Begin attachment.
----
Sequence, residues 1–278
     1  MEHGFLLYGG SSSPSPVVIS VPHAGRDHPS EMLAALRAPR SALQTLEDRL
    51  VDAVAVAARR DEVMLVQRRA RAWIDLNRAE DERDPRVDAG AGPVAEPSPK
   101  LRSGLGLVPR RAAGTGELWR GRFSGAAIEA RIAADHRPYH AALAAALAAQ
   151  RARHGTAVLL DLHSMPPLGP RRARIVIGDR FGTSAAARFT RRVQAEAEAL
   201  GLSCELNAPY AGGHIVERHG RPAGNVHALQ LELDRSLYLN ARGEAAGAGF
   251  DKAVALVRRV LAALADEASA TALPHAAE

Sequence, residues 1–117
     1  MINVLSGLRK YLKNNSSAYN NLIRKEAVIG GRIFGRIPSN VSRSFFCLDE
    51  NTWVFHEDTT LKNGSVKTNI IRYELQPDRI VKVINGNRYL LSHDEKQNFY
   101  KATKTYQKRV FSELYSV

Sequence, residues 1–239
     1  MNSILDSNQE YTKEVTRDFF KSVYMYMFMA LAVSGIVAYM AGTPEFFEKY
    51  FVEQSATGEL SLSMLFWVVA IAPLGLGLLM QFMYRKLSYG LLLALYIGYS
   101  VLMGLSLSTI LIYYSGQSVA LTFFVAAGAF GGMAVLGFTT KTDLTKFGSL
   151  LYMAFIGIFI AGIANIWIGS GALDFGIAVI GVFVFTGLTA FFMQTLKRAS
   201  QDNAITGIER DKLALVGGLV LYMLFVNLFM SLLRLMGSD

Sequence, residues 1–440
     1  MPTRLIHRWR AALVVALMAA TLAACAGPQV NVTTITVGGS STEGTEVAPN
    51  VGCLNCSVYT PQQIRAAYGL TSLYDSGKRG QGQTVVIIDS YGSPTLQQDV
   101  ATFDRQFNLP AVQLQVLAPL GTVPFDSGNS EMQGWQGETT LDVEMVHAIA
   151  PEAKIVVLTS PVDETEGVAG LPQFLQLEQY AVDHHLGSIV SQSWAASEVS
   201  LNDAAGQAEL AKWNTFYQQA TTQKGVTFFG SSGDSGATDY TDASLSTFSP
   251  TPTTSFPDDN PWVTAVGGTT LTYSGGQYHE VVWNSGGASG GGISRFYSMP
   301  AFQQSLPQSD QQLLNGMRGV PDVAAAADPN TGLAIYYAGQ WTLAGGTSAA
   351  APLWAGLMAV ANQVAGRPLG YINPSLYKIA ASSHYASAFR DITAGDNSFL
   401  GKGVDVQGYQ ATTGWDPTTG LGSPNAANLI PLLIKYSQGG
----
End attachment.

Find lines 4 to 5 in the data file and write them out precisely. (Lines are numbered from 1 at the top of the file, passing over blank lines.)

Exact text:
   101  LRSGLGLVPR RAAGTGELWR GRFSGAAIEA RIAADHRPYH AALAAALAAQ
   151  RARHGTAVLL DLHSMPPLGP RRARIVIGDR FGTSAAARFT RRVQAEAEAL